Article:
These pages describe the DCC project, completed in 2008. Prior to this time, the layout was operated with DC throttles and a traditional blocking system using rotary switches with five positions. This limited operations to 5 trains at one time. In 2008, after buying an NCE system for his own little test layout at home, member Doug Nipper came across an Easy DCC system on Ebay and submitted the winning bid. The rest of that year was spent designing and installing the system with much help from other members including Allen Cooke, Doug Butzow, Rick Schroeder, John High and Bob Gallippi.

With the rotary switch block system, a main panel and various sub-panels is used to assign the blocks to one of five throttles. Here is the yard and passenger terminal panel. There is one rotary for the passenger area, and three for Yard Center. There are also various kill switches for certain tracks, and in the yard there are L-R SPDT switches that select between two leads. This was needed to allow trains to switch from both ends, but was always a hassle to remember to throw the toggle for the correct side.No worries with DCC, though. Just leave them in one of the "on" positions and you can work from either end!

Another sub-panel is the one for the "Central Electric Division", or what used to be the Central Electric traction line. This trackage was split up into about six blocks, also with kill switches on some tracks and others that chose sides to get power from. The yard is not really there anymore as the diagram indicates.

The main panel, which is not shown here, is very similar. Rotary switches for block power and toggles for power switches are the mainstay on that panel.

In 2005-2006, Bob Gallippi and Doug Butzow (shown here) worked to build and install a CTC-like panel on the work table, which allows a dispatcher to sit down at a desk and be slightly disconnected from the railroad as most real dispatchers are. By using the "off" position on the main panel's rotary switches, another group of rotaries could be placed on this panel to assign block power. This also provided a rudimentary method of keeping track of which trains has been assigned which blocks. Turnouts are controlled with another set of pole-changing toggle switches.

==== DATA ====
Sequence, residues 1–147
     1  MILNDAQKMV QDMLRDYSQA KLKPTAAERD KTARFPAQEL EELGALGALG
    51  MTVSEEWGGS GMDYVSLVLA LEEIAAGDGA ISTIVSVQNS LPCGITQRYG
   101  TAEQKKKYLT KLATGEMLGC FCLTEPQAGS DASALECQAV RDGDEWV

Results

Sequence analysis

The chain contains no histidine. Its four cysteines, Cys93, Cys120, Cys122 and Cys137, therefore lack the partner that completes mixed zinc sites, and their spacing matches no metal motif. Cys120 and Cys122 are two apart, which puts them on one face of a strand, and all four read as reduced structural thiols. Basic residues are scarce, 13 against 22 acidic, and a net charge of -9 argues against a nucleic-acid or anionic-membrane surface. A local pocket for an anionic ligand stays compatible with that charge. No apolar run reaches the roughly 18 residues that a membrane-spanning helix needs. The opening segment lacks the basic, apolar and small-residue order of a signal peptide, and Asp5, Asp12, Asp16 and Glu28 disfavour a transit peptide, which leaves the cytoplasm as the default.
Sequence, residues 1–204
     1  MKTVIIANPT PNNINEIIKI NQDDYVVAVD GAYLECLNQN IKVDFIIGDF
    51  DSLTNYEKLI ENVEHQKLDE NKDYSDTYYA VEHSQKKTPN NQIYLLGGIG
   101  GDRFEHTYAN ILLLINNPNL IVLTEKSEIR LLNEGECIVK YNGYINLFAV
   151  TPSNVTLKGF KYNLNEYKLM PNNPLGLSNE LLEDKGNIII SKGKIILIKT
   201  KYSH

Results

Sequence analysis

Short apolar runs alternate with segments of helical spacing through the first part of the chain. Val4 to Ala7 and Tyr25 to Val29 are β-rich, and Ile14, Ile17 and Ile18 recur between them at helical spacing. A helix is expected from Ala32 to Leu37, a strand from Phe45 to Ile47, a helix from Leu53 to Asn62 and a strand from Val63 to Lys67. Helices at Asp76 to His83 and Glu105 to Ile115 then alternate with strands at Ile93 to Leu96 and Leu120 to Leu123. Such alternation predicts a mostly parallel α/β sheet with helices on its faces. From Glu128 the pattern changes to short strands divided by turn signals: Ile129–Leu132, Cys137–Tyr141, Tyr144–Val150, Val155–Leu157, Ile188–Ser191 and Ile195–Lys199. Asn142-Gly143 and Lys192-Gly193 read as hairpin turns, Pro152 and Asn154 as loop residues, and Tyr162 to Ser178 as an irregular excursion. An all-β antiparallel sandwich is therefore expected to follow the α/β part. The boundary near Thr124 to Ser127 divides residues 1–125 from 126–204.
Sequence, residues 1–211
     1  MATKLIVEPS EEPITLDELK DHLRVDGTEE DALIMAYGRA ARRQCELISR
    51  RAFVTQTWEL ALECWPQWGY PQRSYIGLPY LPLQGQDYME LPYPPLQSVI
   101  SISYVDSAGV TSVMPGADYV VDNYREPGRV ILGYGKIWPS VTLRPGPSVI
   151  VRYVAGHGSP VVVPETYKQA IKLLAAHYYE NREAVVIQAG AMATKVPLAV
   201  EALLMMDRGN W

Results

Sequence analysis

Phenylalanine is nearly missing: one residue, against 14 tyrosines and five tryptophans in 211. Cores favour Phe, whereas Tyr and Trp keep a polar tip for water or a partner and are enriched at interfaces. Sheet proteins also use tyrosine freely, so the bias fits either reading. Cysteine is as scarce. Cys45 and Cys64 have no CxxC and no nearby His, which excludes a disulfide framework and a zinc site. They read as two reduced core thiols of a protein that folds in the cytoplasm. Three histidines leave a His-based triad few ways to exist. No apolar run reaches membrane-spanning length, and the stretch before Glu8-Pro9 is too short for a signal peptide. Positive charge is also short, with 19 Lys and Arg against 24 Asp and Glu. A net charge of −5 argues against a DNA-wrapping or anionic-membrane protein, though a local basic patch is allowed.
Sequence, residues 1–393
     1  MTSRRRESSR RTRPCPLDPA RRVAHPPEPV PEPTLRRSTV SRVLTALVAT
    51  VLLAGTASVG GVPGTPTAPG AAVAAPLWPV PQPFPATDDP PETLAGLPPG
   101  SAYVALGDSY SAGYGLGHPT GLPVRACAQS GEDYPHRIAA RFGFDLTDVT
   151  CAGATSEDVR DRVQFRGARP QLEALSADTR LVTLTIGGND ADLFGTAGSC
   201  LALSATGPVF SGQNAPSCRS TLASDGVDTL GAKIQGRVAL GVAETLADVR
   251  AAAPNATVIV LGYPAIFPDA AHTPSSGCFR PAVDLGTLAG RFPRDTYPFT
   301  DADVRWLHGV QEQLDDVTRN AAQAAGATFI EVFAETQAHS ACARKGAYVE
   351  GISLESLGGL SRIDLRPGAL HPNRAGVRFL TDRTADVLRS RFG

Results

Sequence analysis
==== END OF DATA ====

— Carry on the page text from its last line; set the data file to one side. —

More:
This panel is still used with DCC, but only for turnout control. We hope to replace the rotary switches with block indication lights in the future.

The first step to make the layout capable of being operated with either conventional analog throttles or DCC was to build and install a relay transfer system. By cutting into the trunk lines coming from the main panel, we removed the rotary switches from the equation when operating on DCC.

Using 4PDT relays, all 29 blocks on the main part of the layout can be transferred with eight relays.

Click here to see a PDF of the diagram for the basic switching concept that transfers block power from the rotary switches to the DCC boosters.

Also installed next to the relay board were this group of "ballast lamp" block protectors, as shown on the diagram referenced above. Cheaper than DCC circuit breakers, they cushion each booster from direct shorts and will light up brightly to indicate which block is shorted. Called the CP6 module from NCE, they came with a lamp that was too small, wattage-wise (14W) and would glow whenever a heavier locomotive load was present. Switching to 21W lamps solved the problem.

Also seen below the lamps are the test block detectors installed recently. Based on current-sense transformers, we hope to have all blocks detectable in the future.

Here is what the main lamp board looks like from the other side, visible from the main aisle in the middle of the layout.

Each lamp is labled for which block it protects, and operators can find out quickly which block has the short. The lamps are BRIGHT when fully illuminated.

The large red wires that you see in the picture are the main bus lines from the three boosters that feed the lamp boards. One thing that DCC demands is heavy current-carrying capacity, especilly if you run a lot of sound locomotives. There is a bunch of 12-gauge employed for such bus lines and even some 10-gauge that goes across the aisle to the old traction section panel. That has its own relay transfer system but runs off the same booster that powers the yard. Always wire heavier than you need to with DCC!

This is the interior of the Stanleyville "Central Electric Division" subpanel. As you can see, it has its own relay transfer system since the distance to carry wires back and forth from the rotary switches was too far compared to what we did on the other sub-panels on the same side of the aisle as the boosters and main relay board. The green wires are from the rotary switches and the blue wires come from the lamp board for this section. That board is fed by a #10 wire from the 3rd booster, which also feeds the yard and engine terminal on the "main" layout.
And this is the Central Electric Division's lamp board, similar to the main lamp board but only one unit (six lamps) and behind a Plexiglass window that Doug Butzow made. Again, labels indicate which block is shorted, but these numbers don't mean much since they aren't shown on the face of the panel. This section of railroad used to be powered by an overhead wire, so when it was converted to 2-rail operation the blocks weren't named like the mainline.

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